A: It is fairly simple to switch to Scrum to manage your work. If your waterfall planning resulted in a pretty gantt chart with tasks, you can use them as the work items in your product backlog. Read up on Scrum and get a certified scrum master if you can.
Q: Have you ever heard of ACTUAL customers (in addition to product owners and PMs) participating in a sprint review? Any ideas how this could be implemented? Thanks!
A: Absolutely. This is done quite frequently in fact. If possible invite the customer to attend in person. Otherwise their are many virtualized meeting tools that can be used quite effectively.
Q: Could you expand some on non-product stories, how they get prioritized since the product owner may not care, how you track those vs. product user stories in metrics, etc?"
A: Pay me now or pay me later. Sometimes the team has to go slow for a few sprints to go faster in future sprints. There are many examples of non-product stories where technical debt is addressed that may not result in direct value to the customer. This is where the team and the Scrum Master must lobby and compel the product owner to include these stories into a sprint. Without this balance, an insurmountable amount of technical debt will build up.
Q: Is Serena overkill for a team just looking for a requirements/project management?
A: No, not at all. Serena's Agile On Demand has the ability to manage many types of backlogs and is ideal for requirements/project management. Internally here, the Marketing department has several teams actively sprinting and using Agile On Demand to manage projects and requirements. Multiple product backlogs, about nine is our case, contain stories for different projects the team is working on, each managed by a separate 'product owner' (usually a Product Marketing Manager). Then there are separate TEAM backlogs that contain the sprints and cross functional teams of marketing types who all contribute to the completion of stories with the project backlogs. The benefits of have a team manage requirements this way include time management, capacity planning for the sprint and minimizing the randomizing effects of fire drills.
Q: How did you convince your managment to use XP?
A: XP is a collection of best practices that increase the likelihood a team will deliver running tested features that meet customer needs in a predictable and repeatable way. Surely management can see the value in that result? ;-) The book "Extreme Programming Applied" has a good discussion of this. Also see the discussion on the c2 wiki: https://c2.com/cgi/wiki?WhyItIsSoHardToSellExtremeProgramming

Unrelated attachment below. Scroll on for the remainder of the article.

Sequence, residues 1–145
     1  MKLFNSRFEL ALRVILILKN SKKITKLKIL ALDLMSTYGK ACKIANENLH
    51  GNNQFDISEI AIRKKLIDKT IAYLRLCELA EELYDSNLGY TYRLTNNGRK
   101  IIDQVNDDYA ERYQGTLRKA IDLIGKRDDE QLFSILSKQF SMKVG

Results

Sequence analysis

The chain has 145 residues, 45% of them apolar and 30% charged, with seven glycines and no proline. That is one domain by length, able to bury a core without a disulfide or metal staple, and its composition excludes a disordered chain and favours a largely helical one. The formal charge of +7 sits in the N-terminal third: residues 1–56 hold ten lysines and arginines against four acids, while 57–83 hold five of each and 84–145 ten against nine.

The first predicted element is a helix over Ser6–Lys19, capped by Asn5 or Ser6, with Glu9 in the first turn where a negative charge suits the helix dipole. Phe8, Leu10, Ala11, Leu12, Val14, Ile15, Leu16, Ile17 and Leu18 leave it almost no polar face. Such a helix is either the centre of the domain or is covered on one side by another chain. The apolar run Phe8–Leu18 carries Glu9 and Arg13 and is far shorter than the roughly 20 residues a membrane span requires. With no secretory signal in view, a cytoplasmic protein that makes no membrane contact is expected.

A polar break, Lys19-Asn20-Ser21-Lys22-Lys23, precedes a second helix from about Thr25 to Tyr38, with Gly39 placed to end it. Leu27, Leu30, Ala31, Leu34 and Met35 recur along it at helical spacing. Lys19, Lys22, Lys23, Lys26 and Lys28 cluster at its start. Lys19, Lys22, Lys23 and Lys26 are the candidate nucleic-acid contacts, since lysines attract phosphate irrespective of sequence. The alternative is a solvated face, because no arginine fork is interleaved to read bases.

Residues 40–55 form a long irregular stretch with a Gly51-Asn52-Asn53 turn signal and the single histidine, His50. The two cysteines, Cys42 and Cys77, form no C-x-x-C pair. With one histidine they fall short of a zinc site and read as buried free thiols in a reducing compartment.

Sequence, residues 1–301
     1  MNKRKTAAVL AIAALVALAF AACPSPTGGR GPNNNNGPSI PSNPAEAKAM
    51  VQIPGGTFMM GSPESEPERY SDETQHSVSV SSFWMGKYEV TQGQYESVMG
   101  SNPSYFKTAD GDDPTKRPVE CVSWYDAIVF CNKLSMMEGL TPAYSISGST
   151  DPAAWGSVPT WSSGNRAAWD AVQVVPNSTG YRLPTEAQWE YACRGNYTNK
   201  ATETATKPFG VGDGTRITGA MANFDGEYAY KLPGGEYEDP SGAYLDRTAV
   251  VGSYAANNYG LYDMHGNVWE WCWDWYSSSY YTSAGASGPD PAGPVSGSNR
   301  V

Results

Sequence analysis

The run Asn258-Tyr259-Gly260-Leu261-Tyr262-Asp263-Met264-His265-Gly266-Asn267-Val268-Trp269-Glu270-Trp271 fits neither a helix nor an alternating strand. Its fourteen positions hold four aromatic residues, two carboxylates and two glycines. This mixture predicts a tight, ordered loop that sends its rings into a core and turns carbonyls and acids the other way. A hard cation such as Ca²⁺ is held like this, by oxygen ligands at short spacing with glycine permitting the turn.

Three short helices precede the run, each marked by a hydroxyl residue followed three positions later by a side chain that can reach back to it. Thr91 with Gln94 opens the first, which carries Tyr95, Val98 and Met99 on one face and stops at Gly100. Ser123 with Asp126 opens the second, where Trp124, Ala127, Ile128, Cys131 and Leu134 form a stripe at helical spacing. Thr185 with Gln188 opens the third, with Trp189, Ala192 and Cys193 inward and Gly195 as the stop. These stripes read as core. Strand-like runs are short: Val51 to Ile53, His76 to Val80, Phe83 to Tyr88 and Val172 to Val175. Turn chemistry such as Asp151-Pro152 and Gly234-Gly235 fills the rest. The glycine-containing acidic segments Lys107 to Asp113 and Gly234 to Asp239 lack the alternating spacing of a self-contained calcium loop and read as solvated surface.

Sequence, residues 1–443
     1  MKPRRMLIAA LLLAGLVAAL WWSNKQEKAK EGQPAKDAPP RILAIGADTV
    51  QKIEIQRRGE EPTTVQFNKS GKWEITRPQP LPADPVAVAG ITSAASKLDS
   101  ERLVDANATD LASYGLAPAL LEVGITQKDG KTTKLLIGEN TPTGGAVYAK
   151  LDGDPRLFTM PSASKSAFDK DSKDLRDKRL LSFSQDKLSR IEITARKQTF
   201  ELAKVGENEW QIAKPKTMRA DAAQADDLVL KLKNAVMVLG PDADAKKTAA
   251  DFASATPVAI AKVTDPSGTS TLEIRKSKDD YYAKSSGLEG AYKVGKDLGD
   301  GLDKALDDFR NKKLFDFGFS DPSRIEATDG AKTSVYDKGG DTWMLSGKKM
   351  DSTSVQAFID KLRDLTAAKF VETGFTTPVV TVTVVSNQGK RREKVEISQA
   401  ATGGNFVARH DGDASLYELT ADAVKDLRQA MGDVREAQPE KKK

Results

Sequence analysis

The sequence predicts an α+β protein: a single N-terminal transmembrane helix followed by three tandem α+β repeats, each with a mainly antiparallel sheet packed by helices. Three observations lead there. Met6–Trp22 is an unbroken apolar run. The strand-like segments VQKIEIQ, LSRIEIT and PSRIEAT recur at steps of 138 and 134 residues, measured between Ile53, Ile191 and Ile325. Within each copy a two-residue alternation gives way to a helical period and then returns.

Q: So, Product Managers can equate to Business Analyst in a traditional organization and Scrum Master is played by Project Managers?
A: The Product Manager's roles and responsibilities align quite well with the Product Owner's. BUT, the approach they take to elaborating requirements and engaging with team varies significantly. A Project Manager can be a Scrum Master, but be cautious. Project Managers are typically in a top-down command and control roll where they plan and dictate to the team how to complete work. A Scrum Master is a passive leader that facilitates the team. The Scrum Master coordinates meetings, interfaces with external teams, and manages the impediments that the team can't resolve themselves.
Q: How do we handle Standup meetings for geographically distributed teams?"
A: Tools are essential. Use planning and collaborations tools like Serena Agile On Demand and Virtual Meeting tools.
Q: What estimation method do you use from sprint planning?
A: We use story points with "unit-less" value. Our teams use planning poker to estimate sizes. There is an interesting video of it's creator talking about it here: https://www.youtube.com/watch?v=1oIaz7aZsno&feature=channel_page and more info on this site: https://www.planningpoker.com/
Q: Would you recommend adding to the backlog a "regression testing" item?"
A: Using stories to manage work that is difficult to complete or track can work well. If the team is having trouble doing regression testing in a predictable way during the course of a sprint, using a story is recommended. If the team does a consistent amount of regression testing every sprint, you could instead consider it "overhead" and choose not to track it.
Q: is serena agile license per user based?
A: Yes. $35 per user per month.
Q: Where would a Business/System Analyst fit into the Scrum team/role
A: Often times we see Business/System Analysts as part of the Scrum team in primarily a Product Owner role.
Q: IS a user story different than a story board. Or is the story board where you post all the user stories for selection?
A: The card wall (story board) is a technique for showing stories and their current state in a single view. It is typically used to manage the state for stories in a sprint.
Q: Where is the current "high-bar" for portfolio management across an enterprise for full Scrum methodology used on across large teams of developers? Team size of 500 + developers? 800+ developers?
A: 1000s of resources.